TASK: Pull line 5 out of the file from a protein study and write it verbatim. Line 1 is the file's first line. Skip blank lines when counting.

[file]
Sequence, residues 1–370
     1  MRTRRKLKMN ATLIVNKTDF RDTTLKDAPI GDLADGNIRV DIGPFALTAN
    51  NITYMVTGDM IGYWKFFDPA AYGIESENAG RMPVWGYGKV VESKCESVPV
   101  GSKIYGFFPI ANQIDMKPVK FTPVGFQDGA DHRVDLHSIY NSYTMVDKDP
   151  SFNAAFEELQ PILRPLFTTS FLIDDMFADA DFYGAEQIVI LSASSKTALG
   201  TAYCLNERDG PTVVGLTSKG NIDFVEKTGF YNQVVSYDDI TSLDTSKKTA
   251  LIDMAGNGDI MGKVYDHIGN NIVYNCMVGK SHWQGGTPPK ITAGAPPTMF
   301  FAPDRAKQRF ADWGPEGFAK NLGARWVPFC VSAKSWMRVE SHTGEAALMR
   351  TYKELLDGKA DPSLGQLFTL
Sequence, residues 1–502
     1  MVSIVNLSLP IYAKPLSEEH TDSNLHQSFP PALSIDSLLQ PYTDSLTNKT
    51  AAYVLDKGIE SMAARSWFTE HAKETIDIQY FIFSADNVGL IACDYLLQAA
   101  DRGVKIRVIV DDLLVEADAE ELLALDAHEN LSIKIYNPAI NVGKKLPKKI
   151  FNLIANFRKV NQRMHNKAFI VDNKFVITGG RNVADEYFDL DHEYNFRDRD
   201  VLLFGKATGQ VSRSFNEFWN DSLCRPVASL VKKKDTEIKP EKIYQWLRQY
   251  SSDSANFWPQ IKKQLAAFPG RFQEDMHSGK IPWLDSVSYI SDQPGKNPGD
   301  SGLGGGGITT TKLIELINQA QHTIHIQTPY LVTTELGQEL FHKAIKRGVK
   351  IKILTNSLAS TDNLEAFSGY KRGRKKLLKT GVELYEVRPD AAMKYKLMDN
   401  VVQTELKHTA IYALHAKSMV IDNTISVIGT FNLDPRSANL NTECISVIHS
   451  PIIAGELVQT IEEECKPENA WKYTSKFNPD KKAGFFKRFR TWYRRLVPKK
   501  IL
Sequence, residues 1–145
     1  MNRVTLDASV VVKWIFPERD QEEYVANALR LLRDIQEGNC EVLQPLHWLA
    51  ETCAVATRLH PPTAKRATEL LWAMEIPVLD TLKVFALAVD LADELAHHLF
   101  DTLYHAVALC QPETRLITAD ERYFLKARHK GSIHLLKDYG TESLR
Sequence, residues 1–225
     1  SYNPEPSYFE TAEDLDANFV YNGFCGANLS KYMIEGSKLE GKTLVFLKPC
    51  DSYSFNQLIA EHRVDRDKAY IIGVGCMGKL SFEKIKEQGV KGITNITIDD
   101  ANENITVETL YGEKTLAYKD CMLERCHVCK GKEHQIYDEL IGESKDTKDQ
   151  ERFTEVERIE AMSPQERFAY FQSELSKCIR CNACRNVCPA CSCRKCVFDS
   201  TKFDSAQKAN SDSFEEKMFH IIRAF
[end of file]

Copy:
   151  SFNAAFEELQ PILRPLFTTS FLIDDMFADA DFYGAEQIVI LSASSKTALG